Step Four: Green the practices related to worship
Living flowers or plants on the altar to be kept or planted later outside. Plants or trees in the sanctuary with qualities to purify air. Use live Christmas tree and then plant on church grounds.
Purchase fair trade palm fronds for Palm Sunday. Consider the origin of the cloth for paraments and wood for the furniture.
Local wine/ grape juice. Practice intinction or have re-usable glasses (not plastic). Wash communion vessels/ glasses with eco-safe dish- washing detergent. Provide communion bread of whole grain and that is organic and locally grown.
Move toward paperless worship. Limit or eliminate use of paper for bulletins. Re-use where possible for multiple services. Use the same bulletin for an entire season, varying only a insert with announcements. Use post-consumer waste/ recycled paper for bulletins. Place attractive basket near exit from sanctuary for recycling worship materials.
Use outside light where feasible. Replace all incandescent bulbs with LED bulbs. Use outside air and fans instead of air conditioner where feasible. Safe disposal of batteries from wireless microphones. Use rechargeable batteries.
Beeswax candles rather than (oil-based) paraffin wax candles. Green decorations for holidays. Use a living tree for Christmas and plant it later in the church yard.
If you are engaged in a building project, now is the opportunity to make construct for the future. Seek an architect who knows the Green Building Council and who is committed to renewable energy. The extra cost will pay off.
Gordon Lathrop, Holy Ground: A Liturgical Cosmology (Fortress Press, 2003) Holy Ground illumines how the central symbols and interactions of Christian liturgy yield a new understanding and experience of the world and contribute to a refreshed sense of ecological ethics - a Christian sense of the holiness of the earth itself. Available from Augsburg Fortress.
Paul Santmire, Ritualizing Nature: Renewing Christian Liturgy in a Time of Crisis (Fortress Press, 2008) Is the Christian faith ecologically bankrupt? Theologian H. Paul Santmire has responded forcefully to that frequently voiced question by maintaining that, notwithstanding ambiguities, a single Christian tradition of long standing has something profoundly promising to say about nature and human life in nature. Available from Augsburg Fortress.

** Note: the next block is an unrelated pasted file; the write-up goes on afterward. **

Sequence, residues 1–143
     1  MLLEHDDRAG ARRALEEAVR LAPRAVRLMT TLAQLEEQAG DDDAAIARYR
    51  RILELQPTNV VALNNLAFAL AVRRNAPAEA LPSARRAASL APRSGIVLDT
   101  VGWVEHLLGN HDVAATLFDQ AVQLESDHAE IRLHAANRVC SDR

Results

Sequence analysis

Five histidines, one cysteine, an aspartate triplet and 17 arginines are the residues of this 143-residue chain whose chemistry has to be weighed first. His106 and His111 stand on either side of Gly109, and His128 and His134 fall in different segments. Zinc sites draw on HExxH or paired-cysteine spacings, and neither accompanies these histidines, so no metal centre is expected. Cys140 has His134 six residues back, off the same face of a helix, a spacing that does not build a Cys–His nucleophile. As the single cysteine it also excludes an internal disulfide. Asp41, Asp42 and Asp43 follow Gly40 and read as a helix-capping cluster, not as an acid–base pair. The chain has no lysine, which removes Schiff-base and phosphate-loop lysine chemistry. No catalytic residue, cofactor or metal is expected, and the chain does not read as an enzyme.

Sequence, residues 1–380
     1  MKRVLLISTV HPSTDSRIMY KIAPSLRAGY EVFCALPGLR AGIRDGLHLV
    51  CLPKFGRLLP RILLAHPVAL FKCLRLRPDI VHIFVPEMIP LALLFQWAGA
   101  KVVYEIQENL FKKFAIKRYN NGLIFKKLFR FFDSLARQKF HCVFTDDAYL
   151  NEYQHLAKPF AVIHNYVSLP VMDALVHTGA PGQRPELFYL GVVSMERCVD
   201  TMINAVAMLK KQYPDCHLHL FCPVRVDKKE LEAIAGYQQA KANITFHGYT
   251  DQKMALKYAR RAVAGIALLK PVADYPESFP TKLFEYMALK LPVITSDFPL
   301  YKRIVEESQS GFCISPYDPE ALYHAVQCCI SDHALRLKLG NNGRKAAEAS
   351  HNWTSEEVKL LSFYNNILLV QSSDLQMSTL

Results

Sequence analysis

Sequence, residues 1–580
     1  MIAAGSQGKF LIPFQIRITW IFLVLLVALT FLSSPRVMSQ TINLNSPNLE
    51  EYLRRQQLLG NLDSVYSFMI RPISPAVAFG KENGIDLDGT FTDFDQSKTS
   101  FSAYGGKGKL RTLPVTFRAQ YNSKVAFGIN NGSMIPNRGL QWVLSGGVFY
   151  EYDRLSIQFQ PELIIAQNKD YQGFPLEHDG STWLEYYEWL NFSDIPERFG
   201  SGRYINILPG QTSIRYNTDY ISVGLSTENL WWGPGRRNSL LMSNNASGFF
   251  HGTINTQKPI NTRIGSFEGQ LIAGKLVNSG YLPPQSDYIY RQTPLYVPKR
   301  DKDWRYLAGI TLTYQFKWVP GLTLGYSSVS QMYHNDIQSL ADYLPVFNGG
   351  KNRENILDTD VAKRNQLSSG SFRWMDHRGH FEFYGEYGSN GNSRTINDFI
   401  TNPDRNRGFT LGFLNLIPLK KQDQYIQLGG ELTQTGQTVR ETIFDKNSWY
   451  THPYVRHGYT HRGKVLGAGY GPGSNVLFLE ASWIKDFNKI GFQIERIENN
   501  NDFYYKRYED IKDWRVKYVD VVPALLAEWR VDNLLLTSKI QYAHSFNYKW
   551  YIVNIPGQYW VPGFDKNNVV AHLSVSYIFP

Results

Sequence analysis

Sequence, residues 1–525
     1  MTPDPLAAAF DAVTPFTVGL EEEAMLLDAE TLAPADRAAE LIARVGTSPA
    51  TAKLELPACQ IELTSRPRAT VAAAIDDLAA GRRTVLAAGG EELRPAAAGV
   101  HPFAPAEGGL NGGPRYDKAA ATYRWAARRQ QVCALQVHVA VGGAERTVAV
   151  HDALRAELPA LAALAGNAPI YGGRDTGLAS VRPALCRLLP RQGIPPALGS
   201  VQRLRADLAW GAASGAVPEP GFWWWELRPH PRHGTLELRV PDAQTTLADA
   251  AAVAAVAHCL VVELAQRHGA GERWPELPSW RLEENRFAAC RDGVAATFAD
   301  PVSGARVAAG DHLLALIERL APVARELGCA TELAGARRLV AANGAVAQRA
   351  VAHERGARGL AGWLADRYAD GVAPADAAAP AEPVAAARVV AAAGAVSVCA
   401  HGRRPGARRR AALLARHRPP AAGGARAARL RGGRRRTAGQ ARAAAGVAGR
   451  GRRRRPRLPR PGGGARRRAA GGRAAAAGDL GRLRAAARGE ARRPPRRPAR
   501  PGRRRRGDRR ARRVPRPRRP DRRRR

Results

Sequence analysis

Ben Stewart, A Watered Garden: Christian Worship and Earth's Ecology (Fortress Press, 2011) Watered Garden begins with the classic, ecumenically held patterns of Christian worship and explores them for their deep connections to ecological wisdom, for their sacramental approaches to creation, and for a renewed relationship to the earth now itself in need of God's healing. This book is written especially for North Americans: people who live in a specific ecological region, and who play a particular role in the world's ecology. And of course it is written for Christians, especially those who are part of the Lutheran movement. Excellent for worship committees and small group study. Available from Augsburg Fortress.
Norman Habel, David Rhoads, and Paul Santmire, The Season of Creation: A Preacher's Commentary (Fortress Press, 2011). Many churches have sought to respond to the environment sate of the world by instituting a movement to observe a liturgical season of creation. Scholars who have pioneered the connections between biblical scholarship, ecological theology, liturgy, and homiletics provide here a comprehensive resource for preaching and leading worship in this new season. Included are theological and practical introductions to observance of the season, biblical texts for twelve Sundays in the three-year lectionary cycle, and astute commentary to help preachers and worship leaders guide their congregations into deeper connection with our imperiled planet. Available from Augsburg Fortress.